You might want to visit health-food stores more often, since these carry many gluten-free foods. In a regular grocery store, safe foods for people who can't digest gluten tend to be located along the perimeter: fresh fruits and vegetables, unprocessed meats, fresh seafood, milk, eggs, yogurt, butter and unprocessed cheese. Other safe foods include clear soups, packaged fruits and vegetables, plain nuts, unflavored potato chips, popcorn and sugar. All grains aren't forbidden, by the way. You can enjoy those that are naturally gluten-free, such as corn, quinoa, rice, soy and potato flour. When dining out, be prepared to talk to the wait staff or someone from the kitchen about which ingredients are OK and where substitutions are needed. But take heart: An increasing number of restaurants cater solely to people with celiac disease.
A Answers (3)
Discovery Health answered
Neal Barnard, MD, Nutrition & Dietetics, answeredThree grains contain gluten: wheat, barley, and rye. You’ll do well with rice, corn, millet, quinoa, amaranth, and buckwheat, since they are naturally gluten-free. Also, there is no gluten in vegetables, fruits, beans, soy products, etc.
But here is the tricky part. If you have celiac disease, even the slightest trace of gluten can cause a reaction, so you’ll need to read labels. For example, soy sauce contains wheat, while tamari does not. Gluten sneaks into beer and countless other foods.
To make life easier, it pays to emphasize simple, mostly unprocessed foods. After all, an orange, an apple, or a serving of rice or carrots has no long list of ingredients that you need to plow through. These simple “one-ingredient” foods are obviously gluten-free and safe for you to enjoy.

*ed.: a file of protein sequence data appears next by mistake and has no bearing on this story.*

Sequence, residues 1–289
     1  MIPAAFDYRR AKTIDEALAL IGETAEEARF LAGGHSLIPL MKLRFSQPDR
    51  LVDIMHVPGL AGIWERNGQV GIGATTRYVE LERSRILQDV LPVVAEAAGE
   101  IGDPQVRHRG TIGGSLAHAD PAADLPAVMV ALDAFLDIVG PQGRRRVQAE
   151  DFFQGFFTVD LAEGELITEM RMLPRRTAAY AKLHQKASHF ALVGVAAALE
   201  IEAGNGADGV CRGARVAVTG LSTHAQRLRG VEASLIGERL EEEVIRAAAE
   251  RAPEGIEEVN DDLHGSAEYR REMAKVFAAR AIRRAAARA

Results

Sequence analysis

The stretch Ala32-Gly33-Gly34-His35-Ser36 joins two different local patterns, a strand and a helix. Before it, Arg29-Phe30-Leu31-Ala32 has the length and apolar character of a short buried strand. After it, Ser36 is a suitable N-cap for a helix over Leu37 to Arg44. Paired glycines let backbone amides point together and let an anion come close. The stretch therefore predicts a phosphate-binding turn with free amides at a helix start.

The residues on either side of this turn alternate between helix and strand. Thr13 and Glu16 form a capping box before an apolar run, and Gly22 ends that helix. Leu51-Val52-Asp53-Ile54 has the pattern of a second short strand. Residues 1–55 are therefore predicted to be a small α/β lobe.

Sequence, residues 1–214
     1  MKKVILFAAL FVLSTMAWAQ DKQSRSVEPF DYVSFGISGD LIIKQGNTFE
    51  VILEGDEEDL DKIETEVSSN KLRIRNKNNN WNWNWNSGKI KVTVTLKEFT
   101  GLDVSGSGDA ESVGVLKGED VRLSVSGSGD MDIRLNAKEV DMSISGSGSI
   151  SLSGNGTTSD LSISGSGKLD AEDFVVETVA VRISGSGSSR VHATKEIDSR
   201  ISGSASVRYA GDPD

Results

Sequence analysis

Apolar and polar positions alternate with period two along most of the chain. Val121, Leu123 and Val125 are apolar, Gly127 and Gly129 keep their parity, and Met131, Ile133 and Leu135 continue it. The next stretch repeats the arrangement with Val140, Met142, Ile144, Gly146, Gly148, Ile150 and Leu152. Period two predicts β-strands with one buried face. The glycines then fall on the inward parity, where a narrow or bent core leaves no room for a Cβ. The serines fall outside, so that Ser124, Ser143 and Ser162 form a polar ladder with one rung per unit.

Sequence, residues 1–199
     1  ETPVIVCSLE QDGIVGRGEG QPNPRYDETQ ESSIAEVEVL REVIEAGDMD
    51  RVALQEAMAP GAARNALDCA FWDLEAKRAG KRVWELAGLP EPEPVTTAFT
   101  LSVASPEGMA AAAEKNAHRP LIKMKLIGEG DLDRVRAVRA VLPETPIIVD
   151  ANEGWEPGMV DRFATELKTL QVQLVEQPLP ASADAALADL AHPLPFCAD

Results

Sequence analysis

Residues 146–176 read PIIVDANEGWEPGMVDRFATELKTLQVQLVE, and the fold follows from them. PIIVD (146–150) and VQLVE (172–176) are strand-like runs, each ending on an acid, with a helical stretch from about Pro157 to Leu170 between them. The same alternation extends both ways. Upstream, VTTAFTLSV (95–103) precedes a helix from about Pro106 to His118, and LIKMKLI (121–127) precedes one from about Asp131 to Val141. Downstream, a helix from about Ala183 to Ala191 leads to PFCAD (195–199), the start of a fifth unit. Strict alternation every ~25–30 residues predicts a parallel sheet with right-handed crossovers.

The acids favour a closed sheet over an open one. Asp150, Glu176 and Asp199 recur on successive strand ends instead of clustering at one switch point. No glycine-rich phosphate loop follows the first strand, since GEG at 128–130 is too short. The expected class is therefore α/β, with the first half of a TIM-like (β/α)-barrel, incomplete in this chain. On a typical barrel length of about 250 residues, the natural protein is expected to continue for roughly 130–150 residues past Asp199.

Restaurant dining can be challenging, because it’s hard to know what is in their foods. But Indian, Mexican, and Middle Eastern fare will be easiest. Often, celiac or gluten-free support groups in your area will know the best restaurants.
Oats do not normally contain gluten. However, some grains, including oats, can pick up bits of gluten in the field or factory. So some companies (e.g., Bob's Red Mill) have set up dedicated production facilities that prevent cross-contamination.Helpful? 1 person found this helpful.
Margaret Floyd, Nutrition & Dietetics, answeredTo be truly gluten free means to diligently inquire about ingredients when eating out at restaurants and to scour labels for the long list of gluten-containing substances when eating any processed or pre-prepared foods.
Or, as you might have guessed by now, you can skip this altogether by eating whole foods, eliminating many of the gluten-containing products from your grocery list and making gluten-free living a much simpler prospect.
Find out more about this book:Eat Naked: Unprocessed, Unpolluted, and Undressed Eating for a Healthier, Sexier You